Curated by: Helga Pakasaar
This exhibition brings together two artists from different eras whose works reflect on modernity and technology. Early in the twentieth century, Moholy-Nagy claimed that: “The reality of our century is technology: the invention, construction, and maintenance of machines. To be a user of machines is to be of the spirit of this century. Everyone is equal before the machine.” These prescient ideas have taken on new implications in the digital realities of the twenty-first century. The film projections that are featured in this exhibition reveal how the mechanical eye of the camera creates a unique form of seeing. The exhibition offers reflections on the social impact of twentieth-century machine culture.
Running continuously in the gallery will be the 1930 film Ein Lichtspiel schwarz weiss grau , based on Moholy’s kinetic sculpture, Light Prop for an Electric Stage. The film documents the play of light and shadow created by the mechanistic movements of the sculpture. Similar to the abstract effects in his photograms, this black and white film light is an investigation of light as material and transparent form.
The exhibition also marks the North American premiere of a new installation by the distinguished British artist, Simon Starling. Born in 1967 in Epsom, England and a graduate of the Glasgow School of Art, this multimedia artist has quickly risen to international prominence. Winner of the coveted Turner Prize in 2005, he has exhibited widely and now, at Presentation House Gallery, for the first time in Canada.
Starling has described his artwork as a “physical manifestation of a thought process” that often involves transforming objects into new constructions through handmade production processes. The mixed media installation featured at PHG highlights this concern for mechanized and handmade production, and physical materials as histories of place. Produced in collaboration with the Berlin metal manufacturing firm referred to in the title, Wilhelm Noack oHG is a 35 mm., black and white film projection and projector construction. The relationship between the footage of the workshop with sounds of clanging metal and the endlessly looping projection apparatus are intertwined. Related to Starling’s interest in icons of the modern, this work is a poetic reflection on a type of industrial production that is rapidly disappearing.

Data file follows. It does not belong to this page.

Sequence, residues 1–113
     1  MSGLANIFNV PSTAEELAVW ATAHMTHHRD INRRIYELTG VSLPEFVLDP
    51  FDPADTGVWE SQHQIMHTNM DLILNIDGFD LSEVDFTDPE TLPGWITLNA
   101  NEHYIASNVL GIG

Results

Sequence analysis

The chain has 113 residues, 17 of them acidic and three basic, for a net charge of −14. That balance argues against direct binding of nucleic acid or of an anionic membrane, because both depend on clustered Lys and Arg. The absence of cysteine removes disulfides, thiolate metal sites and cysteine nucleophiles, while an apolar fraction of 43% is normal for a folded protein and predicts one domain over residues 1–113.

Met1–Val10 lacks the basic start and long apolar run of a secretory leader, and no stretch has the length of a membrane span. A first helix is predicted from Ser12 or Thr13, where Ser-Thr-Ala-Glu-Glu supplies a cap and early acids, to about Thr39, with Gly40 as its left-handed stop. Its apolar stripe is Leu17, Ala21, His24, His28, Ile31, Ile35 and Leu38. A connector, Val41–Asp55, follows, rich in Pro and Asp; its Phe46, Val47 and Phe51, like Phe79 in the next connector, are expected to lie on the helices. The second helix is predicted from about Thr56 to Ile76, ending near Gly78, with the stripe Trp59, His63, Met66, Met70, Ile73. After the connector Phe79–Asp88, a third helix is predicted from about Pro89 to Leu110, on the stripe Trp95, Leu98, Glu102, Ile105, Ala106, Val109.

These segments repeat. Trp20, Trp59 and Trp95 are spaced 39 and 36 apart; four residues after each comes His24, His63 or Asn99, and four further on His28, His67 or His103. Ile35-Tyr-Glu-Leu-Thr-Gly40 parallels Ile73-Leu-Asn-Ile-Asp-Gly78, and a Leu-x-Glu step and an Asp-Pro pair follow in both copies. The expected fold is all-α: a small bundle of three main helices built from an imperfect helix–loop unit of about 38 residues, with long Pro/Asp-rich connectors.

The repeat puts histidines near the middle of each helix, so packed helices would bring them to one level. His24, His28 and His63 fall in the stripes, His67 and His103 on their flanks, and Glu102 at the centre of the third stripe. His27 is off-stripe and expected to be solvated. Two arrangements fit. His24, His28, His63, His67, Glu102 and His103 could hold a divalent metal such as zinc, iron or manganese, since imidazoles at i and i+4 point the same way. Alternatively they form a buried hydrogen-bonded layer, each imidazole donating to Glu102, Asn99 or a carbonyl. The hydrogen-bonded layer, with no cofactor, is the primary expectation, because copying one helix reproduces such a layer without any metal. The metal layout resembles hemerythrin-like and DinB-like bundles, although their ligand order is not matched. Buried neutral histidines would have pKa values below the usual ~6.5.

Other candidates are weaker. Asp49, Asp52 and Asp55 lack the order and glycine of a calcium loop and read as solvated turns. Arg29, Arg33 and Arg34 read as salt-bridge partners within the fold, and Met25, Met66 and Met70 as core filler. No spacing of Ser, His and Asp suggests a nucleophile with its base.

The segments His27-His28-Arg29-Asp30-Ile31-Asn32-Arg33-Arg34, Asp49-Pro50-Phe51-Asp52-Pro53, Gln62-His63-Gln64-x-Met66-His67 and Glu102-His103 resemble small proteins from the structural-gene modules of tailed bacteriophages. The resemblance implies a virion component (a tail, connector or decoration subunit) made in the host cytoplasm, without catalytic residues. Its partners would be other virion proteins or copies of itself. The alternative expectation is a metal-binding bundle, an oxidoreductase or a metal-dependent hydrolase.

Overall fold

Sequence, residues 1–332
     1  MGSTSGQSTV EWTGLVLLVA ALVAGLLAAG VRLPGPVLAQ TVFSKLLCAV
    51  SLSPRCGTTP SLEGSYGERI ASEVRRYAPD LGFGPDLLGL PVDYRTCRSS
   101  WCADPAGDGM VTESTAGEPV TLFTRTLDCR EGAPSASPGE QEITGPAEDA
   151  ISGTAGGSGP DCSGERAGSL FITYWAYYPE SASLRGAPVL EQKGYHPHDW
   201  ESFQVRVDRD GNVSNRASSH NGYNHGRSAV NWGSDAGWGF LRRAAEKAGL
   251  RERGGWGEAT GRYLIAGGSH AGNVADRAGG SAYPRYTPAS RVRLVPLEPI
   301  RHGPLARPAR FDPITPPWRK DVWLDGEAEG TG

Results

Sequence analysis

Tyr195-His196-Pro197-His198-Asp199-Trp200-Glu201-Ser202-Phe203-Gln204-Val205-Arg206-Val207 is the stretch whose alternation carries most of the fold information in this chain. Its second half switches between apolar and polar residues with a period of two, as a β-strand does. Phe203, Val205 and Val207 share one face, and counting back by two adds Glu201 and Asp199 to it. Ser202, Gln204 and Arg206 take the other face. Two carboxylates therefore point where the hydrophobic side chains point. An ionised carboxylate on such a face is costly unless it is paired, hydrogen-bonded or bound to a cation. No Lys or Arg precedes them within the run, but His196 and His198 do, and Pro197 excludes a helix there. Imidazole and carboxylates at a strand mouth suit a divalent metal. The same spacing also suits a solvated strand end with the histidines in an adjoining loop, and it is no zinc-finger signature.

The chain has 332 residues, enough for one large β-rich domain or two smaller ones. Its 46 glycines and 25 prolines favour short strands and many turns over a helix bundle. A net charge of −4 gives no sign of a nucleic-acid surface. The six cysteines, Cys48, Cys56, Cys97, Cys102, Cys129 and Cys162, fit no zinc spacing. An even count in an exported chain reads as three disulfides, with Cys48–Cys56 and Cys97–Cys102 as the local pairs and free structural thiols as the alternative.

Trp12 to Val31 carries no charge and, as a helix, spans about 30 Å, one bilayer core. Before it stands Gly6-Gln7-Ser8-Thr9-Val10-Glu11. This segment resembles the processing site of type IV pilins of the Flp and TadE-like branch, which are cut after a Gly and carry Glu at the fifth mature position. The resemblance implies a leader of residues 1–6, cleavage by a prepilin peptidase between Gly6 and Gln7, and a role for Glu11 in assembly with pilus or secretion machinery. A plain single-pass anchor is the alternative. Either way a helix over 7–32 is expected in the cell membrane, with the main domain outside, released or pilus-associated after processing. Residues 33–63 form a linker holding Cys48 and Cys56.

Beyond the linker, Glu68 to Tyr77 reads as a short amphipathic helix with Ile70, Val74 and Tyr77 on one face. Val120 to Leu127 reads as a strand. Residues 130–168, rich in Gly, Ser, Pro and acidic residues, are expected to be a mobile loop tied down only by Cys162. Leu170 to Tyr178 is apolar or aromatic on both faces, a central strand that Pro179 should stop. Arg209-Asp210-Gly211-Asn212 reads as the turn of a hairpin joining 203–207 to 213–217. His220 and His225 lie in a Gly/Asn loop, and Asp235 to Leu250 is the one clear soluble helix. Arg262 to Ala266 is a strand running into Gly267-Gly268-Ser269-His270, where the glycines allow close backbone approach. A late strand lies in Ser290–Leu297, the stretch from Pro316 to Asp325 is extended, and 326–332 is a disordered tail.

Born in Borsad in Southern Hungary in 1895, Laszlo Moholy-Nagy was an influential Bauhaus figure in Weimar Germany, who lived throughout Europe until emigrating to the U.S. to become director of the Design School in Chicago in 1937 where he continued to produce innovative projects until his death in 1946. Considered one of the most inventive artists of the early twentieth century, he worked in various mediums including painting, sculpture, film and photography. He was also a graphic and stage designer, and an influential writer and teacher who published extensively. Moholy’s prescient theories about perception, technology and modernity have become increasingly relevant. Exhibitions and publications on his artwork abound, most recently Colour in Transparency at the Bauhaus- Archiv, Berlin, the internationally touring exhibition Albers and Moholy-Nagy: From the Bauhaus to the New World and Technical Detours: the Early Moholy-Nagy Reconsidered curated by Oliver Botar.
Simon Starling was born in 1967 in Epsom England and is a graduate of the Glasgow School of Art, he was the recipient of the coveted Turner Prize in 2005 and was shortlisted for the Hugo Boss Prize in 2004. He currently lives in Berlin and Copenhagen and is Professor of Fine Arts at the Staedelschule, in Frankfurt Germany. He has exhibited widely including the Bienal de Sao Paulo and the Busan Biennal in 2004 and he represented Scotland at the Venice Biennale in 2003. He has recently exhibited at Villa Arson, France, MACRO, Rome, Italy, Dundee Contemporary Arts, Dundee, Scotland, and Museum of Modern Art in Australia. Forthcoming solo exhibitions include Stadlischen Kunstmuseum Zum Museum Folkwang in Essen, Germany (2007) MIT and Mass MOCA ( 2008)